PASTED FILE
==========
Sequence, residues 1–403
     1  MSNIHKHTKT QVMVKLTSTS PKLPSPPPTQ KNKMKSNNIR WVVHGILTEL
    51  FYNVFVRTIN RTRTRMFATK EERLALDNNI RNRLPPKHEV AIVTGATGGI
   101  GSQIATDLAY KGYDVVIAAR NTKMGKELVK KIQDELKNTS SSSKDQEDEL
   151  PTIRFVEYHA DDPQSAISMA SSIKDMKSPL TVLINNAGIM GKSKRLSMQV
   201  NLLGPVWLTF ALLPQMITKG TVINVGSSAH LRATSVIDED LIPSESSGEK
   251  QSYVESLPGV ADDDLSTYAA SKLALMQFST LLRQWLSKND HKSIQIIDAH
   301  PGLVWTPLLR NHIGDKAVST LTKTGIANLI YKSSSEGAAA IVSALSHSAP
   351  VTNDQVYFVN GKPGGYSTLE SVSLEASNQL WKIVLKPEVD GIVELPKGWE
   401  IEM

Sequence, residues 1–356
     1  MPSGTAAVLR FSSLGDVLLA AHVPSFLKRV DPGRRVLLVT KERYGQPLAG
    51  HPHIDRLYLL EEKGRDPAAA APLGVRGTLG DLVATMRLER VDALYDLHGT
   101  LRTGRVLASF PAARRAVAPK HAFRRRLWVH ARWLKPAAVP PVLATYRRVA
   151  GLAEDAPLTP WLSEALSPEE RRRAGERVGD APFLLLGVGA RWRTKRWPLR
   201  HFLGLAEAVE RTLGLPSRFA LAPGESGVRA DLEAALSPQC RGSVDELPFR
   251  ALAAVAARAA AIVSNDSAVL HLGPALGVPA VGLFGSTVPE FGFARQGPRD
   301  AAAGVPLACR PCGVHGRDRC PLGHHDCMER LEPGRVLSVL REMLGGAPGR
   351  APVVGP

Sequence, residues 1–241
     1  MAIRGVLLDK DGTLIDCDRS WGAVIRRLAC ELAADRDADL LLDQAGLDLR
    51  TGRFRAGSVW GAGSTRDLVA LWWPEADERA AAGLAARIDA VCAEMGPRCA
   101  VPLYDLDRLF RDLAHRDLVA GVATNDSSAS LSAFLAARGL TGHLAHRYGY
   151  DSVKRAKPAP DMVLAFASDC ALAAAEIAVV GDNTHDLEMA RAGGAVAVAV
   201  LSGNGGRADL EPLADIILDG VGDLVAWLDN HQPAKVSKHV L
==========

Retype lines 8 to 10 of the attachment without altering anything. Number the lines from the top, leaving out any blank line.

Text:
   301  PGLVWTPLLR NHIGDKAVST LTKTGIANLI YKSSSEGAAA IVSALSHSAP
   351  VTNDQVYFVN GKPGGYSTLE SVSLEASNQL WKIVLKPEVD GIVELPKGWE
   401  IEM